8. Neon Nemo
It’s now possible to take home your very own genetically engineered pet: the GloFish. Scientists originally engineered these small, fluorescent fish to glow whenever they encountered environmental pollutants in their habitats, but the commercial, just-for-fun pet version glows all the time. They’re available for purchase across the United States, but not in California.
9. Spare Part Pigs
It’s already fairly common to transplant pig heart valves into human patients, but recent scientific discoveries suggest it will soon be possible to transplant entire hearts—livers, kidneys and pancreases, too—from genetically modified pigs into human patients. These special “spare part pigs” have been designed so that the gene that would normally cause the human immune system to reject a foreign organ is out of service. Some ethicists have found this idea a little weird, but others have suggested that raising pigs for their organs is really no different than raising them for bacon.
10. Popeye the Pig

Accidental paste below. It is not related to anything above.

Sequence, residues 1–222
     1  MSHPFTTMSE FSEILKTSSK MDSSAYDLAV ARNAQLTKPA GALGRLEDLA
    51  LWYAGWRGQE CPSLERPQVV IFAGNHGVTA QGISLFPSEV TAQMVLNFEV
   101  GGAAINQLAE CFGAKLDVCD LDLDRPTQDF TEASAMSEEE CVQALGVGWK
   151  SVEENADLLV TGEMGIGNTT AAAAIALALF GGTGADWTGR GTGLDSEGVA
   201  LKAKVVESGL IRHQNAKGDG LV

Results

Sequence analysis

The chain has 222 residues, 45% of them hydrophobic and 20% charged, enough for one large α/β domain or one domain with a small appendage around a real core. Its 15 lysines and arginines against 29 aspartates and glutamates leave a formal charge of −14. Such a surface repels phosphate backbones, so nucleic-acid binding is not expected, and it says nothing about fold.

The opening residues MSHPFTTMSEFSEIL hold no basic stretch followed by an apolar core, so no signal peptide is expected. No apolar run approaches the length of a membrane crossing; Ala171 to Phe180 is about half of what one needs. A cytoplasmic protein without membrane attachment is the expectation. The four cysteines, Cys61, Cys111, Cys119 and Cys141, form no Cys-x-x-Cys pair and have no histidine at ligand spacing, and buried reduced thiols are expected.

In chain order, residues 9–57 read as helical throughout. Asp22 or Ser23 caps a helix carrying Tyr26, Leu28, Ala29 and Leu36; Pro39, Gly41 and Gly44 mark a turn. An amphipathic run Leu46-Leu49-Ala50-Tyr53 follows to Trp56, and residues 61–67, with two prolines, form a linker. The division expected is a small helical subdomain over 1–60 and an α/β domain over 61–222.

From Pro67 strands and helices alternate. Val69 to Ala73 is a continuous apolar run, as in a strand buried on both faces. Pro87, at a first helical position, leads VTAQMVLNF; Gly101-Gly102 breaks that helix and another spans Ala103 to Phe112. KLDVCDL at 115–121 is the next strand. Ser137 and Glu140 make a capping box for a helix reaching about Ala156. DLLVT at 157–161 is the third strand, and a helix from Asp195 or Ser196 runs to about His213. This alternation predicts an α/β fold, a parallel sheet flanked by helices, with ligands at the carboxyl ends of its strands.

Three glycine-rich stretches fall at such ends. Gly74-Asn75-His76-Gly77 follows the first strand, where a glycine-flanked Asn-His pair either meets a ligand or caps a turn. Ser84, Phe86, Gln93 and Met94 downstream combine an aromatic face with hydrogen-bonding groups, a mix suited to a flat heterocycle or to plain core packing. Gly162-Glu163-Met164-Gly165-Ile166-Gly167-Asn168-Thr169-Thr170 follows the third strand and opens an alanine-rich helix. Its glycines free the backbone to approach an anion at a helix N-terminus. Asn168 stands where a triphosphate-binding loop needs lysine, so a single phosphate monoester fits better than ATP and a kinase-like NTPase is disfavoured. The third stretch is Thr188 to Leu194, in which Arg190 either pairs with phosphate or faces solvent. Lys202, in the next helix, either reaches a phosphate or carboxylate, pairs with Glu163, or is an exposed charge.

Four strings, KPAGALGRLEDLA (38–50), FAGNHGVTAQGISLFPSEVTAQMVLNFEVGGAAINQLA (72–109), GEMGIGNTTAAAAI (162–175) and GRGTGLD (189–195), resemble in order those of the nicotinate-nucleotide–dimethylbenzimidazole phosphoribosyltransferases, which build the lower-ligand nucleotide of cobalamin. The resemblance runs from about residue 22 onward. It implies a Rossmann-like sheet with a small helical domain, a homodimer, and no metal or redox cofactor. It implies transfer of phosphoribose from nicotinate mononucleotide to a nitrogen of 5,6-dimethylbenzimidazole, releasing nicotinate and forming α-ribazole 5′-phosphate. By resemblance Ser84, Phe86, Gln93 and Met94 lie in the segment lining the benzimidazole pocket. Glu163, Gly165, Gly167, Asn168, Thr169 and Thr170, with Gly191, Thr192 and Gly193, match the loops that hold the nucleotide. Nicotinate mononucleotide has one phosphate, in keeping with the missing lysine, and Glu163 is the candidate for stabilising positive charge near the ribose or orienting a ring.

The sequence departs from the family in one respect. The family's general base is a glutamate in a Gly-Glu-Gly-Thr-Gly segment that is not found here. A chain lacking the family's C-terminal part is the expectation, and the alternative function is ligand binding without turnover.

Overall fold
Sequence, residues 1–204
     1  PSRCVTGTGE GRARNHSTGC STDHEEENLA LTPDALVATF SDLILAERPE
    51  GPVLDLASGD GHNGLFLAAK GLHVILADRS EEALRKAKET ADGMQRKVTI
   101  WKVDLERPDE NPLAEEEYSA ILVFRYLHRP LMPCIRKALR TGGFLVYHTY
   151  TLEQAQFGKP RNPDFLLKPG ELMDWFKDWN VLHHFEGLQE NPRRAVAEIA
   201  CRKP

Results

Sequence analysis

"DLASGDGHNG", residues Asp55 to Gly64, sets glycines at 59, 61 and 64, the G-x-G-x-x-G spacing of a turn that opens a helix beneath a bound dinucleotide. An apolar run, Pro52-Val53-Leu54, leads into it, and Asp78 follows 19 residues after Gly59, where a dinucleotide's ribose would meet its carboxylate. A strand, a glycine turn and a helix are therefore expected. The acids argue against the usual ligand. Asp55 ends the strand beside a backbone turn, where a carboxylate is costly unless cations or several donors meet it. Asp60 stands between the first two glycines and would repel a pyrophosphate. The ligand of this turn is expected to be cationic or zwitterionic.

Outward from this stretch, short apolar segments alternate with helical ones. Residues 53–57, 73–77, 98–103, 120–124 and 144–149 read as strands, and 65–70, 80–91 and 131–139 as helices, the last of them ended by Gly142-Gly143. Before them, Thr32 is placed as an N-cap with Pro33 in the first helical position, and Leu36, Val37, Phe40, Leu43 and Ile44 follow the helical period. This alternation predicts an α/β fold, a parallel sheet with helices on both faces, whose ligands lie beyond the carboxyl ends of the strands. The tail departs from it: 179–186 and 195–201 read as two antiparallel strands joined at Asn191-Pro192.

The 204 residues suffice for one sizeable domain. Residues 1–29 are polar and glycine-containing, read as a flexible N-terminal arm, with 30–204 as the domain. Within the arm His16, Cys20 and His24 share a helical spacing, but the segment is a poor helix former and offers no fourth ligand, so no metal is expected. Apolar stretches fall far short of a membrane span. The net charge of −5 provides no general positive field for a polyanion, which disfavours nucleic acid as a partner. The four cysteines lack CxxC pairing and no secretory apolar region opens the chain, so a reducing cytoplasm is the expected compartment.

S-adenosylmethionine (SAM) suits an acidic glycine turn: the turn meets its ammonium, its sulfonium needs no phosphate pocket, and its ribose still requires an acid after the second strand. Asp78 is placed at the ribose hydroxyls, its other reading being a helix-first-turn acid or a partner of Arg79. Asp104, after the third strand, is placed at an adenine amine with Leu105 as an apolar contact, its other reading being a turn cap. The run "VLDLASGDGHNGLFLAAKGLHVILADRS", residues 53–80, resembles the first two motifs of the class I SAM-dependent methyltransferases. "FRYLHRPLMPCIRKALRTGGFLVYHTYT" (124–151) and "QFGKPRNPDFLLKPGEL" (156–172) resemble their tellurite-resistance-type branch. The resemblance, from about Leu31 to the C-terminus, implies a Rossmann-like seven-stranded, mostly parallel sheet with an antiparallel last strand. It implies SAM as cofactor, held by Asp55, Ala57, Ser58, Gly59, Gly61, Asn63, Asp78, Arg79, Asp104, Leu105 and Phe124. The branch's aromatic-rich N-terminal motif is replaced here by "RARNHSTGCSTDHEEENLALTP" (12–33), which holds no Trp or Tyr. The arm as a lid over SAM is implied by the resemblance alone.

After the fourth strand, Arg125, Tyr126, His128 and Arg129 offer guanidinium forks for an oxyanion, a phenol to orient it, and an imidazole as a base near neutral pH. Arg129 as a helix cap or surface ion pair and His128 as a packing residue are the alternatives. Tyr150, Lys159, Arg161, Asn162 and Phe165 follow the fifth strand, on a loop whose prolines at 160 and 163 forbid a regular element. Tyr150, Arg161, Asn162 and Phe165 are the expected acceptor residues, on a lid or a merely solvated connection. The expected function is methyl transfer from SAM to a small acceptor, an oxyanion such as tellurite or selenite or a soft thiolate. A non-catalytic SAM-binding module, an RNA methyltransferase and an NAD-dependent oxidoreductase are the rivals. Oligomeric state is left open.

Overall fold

In 2002, a team of Japanese scientists from Kinki University became the first group to successfully add a functioning plant gene—a gene from spinach—to an animal. In this case, it was a pig. The resulting Spinach-Pig carried 20% less saturated fat in its carcass.
11. The Ear Mouse
Image: Wikimedia Commons
Perhaps the most famous real-live
Frankenstein Frankenstein's Monster of its day, the so-called Vacanti Mouse was created by scientists in Massachusetts in 1995 to grow what appeared to be a human ear on its back. The scientists were hoping to demonstrate that it was possible to get living creatures to grow cartilage structures that could then be used for transplants onto human patients. The Ear Mouse, which quickly became famous and was featured on the Jay Leno show, was used instead in the late ‘90s as a poster-mouse, so to speak, for groups opposed to genetically modifying animals.